CHICAGO — It was a dazzling, dizzying display, fueled by desperation that featured Jordan Crawford fearlessly taking jumpers, JaVale McGee angrily greeting shots with his huge right hand and the Washington Wizards chopping a 17-point first-half deficit to one.
If not for an unlikely three-pointer by Chicago Bulls center Kurt Thomas to end the first half of Tuesday’s game, the Wizards would’ve felt much better as they entered the locker room. But that didn’t stop Coach Flip Saunders from giving his scrappy, undermanned group a nickname: “The Nasty Nine.”
Despite being limited to nine players — just seven of them healthy — the Wizards tried to hang until they inevitably grew weary against a superior foe and lost, 98-79.
“I can’t fault that effort. We keep that effort, we’ll be okay,” Saunders said after the Wizards lost their fifth consecutive game by double digits. But unlike previous efforts at home, they didn’t roll over in the first half and only gave in when their legs wouldn’t allow them to keep up.
The situation couldn’t have been less promising for the Wizards when they arrived at United Center on to face the Eastern Conference-leading Bulls. Nick Young and Josh Howard joined the ever-growing list of injured players. John Wall was playing with a sore left foot and Trevor Booker a sore left shooting hand.
Some of what remained of the roster used the opportunity for extended playing time to set new season highs or career milestones. Crawford set a career-high with 27 points. McGee recorded his first career triple-double — 11 points, 12 rebounds and a career-high 12 blocked shots. Yi Jianlian matched his season-high with 14 points. But the Wizards (16-50) again had no answer for Derrick Rose, who scored a team-high 23 points and heard “MVP” chants nearly every time he touched the ball.
With his father, George Montgomery, and other relatives in attendance, McGee set a NBA season high in blocked shots, as well as the record for the most blocks by a Bulls opponent in a regulation game.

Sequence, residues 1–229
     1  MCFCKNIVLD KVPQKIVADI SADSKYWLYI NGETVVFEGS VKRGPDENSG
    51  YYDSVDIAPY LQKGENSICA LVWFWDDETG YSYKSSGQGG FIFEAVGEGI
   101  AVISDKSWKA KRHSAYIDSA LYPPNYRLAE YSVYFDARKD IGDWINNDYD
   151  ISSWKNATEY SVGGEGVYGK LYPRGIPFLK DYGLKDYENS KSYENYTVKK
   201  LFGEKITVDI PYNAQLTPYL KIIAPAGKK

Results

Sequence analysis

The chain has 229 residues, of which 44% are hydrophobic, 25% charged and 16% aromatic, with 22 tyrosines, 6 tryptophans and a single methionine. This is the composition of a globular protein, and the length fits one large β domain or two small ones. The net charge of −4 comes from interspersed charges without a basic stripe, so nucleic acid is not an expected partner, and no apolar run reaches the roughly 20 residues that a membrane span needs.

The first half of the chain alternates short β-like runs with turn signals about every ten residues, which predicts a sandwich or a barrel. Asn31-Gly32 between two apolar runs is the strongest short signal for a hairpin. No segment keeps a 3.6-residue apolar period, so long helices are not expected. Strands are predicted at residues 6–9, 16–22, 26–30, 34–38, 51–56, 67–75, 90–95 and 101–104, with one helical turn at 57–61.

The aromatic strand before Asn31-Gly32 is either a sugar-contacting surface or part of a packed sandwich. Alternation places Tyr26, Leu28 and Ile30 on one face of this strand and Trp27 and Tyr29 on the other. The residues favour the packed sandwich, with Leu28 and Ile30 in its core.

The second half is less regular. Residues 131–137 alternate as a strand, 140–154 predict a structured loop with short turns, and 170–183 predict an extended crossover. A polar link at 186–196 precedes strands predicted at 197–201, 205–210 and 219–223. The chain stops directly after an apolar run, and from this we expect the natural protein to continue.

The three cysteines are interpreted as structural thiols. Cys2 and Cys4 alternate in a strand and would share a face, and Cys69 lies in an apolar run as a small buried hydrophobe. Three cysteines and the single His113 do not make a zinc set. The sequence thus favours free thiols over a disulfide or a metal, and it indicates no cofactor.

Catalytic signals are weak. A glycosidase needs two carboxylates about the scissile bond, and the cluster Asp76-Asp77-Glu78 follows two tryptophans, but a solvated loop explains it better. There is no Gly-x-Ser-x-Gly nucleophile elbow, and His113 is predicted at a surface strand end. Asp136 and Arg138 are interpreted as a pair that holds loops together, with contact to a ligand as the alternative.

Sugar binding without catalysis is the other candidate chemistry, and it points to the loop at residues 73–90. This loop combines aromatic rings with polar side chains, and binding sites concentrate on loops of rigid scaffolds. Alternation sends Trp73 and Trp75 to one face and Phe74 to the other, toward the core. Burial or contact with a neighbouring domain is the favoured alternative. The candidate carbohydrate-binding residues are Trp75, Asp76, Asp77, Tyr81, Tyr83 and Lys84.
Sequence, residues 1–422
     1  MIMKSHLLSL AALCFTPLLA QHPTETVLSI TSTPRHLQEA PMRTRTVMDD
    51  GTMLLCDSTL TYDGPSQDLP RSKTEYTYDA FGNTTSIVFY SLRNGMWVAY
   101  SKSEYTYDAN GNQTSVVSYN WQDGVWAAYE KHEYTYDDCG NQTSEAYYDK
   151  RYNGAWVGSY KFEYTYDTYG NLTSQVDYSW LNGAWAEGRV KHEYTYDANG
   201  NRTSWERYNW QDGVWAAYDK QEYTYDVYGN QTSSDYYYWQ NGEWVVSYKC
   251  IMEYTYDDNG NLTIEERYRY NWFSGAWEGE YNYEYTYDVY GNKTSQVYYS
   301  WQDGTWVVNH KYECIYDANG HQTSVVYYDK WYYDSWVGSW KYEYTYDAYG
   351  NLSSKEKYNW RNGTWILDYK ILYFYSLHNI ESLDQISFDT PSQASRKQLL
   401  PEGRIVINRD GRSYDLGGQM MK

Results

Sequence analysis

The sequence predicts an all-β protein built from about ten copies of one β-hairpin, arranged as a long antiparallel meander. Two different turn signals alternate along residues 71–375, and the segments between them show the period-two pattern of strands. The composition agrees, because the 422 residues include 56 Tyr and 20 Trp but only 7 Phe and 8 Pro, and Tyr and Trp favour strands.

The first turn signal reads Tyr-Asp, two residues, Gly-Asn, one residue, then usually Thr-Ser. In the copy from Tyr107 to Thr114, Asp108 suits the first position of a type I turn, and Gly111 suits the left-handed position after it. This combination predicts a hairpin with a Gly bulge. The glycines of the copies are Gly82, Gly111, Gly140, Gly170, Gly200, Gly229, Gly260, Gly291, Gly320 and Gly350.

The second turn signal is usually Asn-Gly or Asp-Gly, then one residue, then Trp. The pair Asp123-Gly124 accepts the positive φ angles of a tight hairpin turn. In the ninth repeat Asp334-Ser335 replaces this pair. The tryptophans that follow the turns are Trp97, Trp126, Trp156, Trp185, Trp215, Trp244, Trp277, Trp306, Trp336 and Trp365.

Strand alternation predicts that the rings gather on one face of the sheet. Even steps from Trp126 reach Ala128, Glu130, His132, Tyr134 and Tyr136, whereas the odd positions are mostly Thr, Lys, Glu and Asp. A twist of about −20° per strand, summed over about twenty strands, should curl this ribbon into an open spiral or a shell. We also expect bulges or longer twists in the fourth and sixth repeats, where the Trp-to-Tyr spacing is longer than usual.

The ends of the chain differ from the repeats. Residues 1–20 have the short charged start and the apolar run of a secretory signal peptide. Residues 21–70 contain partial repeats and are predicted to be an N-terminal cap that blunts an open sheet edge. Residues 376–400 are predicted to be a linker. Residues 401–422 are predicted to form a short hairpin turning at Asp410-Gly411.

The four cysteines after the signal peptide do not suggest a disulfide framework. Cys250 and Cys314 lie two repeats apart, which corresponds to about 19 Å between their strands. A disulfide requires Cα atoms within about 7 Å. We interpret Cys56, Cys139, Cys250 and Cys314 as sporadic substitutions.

McGee had four in the first quarter, including an impressive sequence in which he blocked a layup and three-point attempt by Rose on the same series. He matched his previous career high with seven blocked shots in the first half alone. The showing was even more startling considering that McGee had 12 blocks in the first six games this month. (Manute Bol holds the Washington franchise record with 15, set nearly 25 years ago.)
“JaVale didn’t score a lot of points, but he protected the rim as well as he has all year,” Saunders said. “We’d like to see more. We always told him, ‘You can have an impact on the game’ and not from his scoring.”
Needing one more point to get a triple-double, McGee drove and dunked with 18.7 seconds remaining, picking up a technical foul after he did a chin-up on the rim.
“It was a dunk of relief,” said McGee, who had fumbled previous attempts in the fourth quarter to get his final basket. “That was the hardest one point I ever tried to make in my life. It was crazy but I got it.”
Crawford, whom the Wizards acquired at the trade deadline from Atlanta, set his career high for the second time in four games. He has never been shy about taking shots and with the ultimate green light on a night when the Wizards’ best offensive options were sidelined, Crawford had the necessary aggression. He certainly had his shots falling in the first half, as he scored 21 points on 8-of-13 shooting.
He started to fatigue in the second half, as the Bulls made shutting him down an emphasis and Keith Bogans (season-high 17 points) did his part to get physical and challenge him nearly every time he elevated for a shot.
“I just want to keep it going,” Crawford said. “I want to feed off this game and keep it going. I don’t want it to stop.”
Wall had contemplated not playing after his foot started to flare up on the plane ride to Chicago. He even wore a suit to the arena, expecting to sit on the bench. But he wanted one last chance this season to compete against Rose, who has bested him in their previous outings. Wall finished with a respectable 17 points, 11 rebounds and 7 assists.
“I just wanted to compete and play,” Wall said. “Guys was down and I felt if it wasn’t hurting too bad and I could play, then why not? I have time to rest when the season is over.”